Christopher Onyango-Robshaw is the district’s finance coordinator. He thinks the reasons many districts are facing financial trouble now has to do with the position they were in before the pandemic.
“The districts who are struggling now, the question is, take COVID out of the picture, and what was on the horizon in 2020 or 2019?” Onyango-Robshaw said. “If a district was struggling in 2019 … if the difficult decisions that needed to be done in 2019, were not done, they need to do those decisions in 2023.”
Onyango-Robshaw said his district was discussing budget reductions going into 2019, but they passed an operating referendum.
“Did we have an issue? Yes. Was that issue resolved? Yes. So heading into the pandemic, not only did we have a stream of revenue from ESSER, there was a different funding stream and adjusted increased funding stream from the referendum,” Onyango Robshaw said.
Now that the expiration date for those COVID funds is on the horizon, Onyango-Robshaw said it will still be difficult when they’re unable to renew that money, but not as difficult as it might have been, had the district not asked voters for money in 2019.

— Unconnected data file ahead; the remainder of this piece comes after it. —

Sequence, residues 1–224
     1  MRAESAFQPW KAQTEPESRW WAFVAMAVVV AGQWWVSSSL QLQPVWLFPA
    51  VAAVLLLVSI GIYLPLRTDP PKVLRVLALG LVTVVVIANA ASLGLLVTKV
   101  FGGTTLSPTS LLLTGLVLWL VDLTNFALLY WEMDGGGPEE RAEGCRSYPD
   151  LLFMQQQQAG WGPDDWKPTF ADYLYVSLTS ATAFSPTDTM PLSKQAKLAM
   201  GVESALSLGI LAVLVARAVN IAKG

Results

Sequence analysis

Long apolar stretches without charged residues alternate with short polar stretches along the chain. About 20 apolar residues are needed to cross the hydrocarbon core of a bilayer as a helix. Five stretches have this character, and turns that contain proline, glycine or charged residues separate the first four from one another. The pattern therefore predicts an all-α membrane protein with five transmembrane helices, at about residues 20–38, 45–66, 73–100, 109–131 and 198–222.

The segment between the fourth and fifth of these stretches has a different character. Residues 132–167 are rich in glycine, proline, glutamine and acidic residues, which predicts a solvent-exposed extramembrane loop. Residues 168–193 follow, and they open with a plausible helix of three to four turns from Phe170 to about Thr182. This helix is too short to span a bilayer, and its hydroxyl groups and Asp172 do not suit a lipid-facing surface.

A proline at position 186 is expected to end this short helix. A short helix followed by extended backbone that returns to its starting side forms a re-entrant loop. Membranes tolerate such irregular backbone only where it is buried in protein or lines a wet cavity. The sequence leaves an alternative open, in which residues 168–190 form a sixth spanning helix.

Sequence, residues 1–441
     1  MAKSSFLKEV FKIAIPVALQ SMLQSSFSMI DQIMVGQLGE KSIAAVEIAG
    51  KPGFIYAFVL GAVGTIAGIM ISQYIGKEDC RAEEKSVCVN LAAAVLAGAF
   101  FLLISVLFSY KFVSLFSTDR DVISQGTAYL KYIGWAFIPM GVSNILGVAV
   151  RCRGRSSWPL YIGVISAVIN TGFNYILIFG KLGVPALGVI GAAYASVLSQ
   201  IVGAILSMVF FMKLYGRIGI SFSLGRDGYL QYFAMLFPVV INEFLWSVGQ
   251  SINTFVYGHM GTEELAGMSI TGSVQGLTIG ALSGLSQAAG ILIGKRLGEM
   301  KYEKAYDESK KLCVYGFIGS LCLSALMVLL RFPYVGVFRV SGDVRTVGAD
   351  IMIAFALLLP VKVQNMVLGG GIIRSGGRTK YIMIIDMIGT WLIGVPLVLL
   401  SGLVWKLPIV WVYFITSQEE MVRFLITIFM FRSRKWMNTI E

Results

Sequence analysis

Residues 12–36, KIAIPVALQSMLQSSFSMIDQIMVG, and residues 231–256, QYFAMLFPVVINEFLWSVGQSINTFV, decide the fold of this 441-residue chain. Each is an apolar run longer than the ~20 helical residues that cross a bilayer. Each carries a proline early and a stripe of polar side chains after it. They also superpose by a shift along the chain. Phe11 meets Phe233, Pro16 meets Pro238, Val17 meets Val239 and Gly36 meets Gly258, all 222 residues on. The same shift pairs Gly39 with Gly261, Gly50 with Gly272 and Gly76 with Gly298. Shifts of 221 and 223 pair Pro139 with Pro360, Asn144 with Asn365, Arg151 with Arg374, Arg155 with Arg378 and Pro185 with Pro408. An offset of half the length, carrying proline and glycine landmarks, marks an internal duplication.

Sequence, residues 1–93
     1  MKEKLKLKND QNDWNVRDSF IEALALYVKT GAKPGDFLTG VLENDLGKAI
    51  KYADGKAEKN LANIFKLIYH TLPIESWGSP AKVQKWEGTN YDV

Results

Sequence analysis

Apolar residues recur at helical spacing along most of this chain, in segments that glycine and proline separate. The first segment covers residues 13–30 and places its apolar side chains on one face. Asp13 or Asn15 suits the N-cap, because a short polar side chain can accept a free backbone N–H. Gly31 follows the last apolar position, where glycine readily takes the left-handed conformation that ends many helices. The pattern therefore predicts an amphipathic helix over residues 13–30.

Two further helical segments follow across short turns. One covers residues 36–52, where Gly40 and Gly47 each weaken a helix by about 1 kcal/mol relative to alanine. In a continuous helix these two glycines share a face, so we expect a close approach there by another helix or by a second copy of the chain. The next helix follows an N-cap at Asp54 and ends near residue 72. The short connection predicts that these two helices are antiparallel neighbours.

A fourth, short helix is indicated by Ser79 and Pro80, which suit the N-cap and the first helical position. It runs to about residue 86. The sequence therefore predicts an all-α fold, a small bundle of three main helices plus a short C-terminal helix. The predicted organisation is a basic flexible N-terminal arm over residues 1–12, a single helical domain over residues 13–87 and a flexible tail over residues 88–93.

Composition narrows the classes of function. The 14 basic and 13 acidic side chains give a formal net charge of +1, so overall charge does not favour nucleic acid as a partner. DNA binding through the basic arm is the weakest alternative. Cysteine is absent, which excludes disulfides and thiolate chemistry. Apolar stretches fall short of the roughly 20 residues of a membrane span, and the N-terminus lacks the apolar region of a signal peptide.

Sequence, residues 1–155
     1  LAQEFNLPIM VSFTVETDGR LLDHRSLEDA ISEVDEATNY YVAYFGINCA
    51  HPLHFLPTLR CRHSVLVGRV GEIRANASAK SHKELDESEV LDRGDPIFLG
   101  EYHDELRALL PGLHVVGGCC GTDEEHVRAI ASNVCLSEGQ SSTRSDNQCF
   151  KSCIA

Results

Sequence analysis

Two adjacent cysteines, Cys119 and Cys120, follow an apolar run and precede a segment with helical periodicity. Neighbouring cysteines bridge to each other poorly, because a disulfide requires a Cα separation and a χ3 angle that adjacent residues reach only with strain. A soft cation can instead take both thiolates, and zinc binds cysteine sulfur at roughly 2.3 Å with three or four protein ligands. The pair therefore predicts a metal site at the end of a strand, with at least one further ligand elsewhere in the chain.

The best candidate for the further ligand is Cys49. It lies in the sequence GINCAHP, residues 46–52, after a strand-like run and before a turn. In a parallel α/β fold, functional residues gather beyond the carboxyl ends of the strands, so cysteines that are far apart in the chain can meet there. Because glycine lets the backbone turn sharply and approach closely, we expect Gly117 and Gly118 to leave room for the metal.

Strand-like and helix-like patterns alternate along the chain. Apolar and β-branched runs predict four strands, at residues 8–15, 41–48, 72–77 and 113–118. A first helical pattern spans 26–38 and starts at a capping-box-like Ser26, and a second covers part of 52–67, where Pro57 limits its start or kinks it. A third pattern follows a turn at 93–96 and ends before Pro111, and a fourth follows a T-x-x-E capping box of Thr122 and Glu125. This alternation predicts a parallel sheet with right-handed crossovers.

Still, Rosemount-Apple Valley-Eagan, Minneapolis and other districts are facing some unknowns. They, like many districts, are unsure to what extent the legislature’s policy requirements and decision to make hourly school workers eligible for unemployment during the summer will affect their budgets going forward.
“I think the legislators, for the most part, did good,” Onyango-Robshaw said. “There was a reckoning and understanding … that there was an imbalance in the funding … I would say that’s commendable. And I’m grateful for that. They also did a lot of other things and the district does not know how that will unfold.”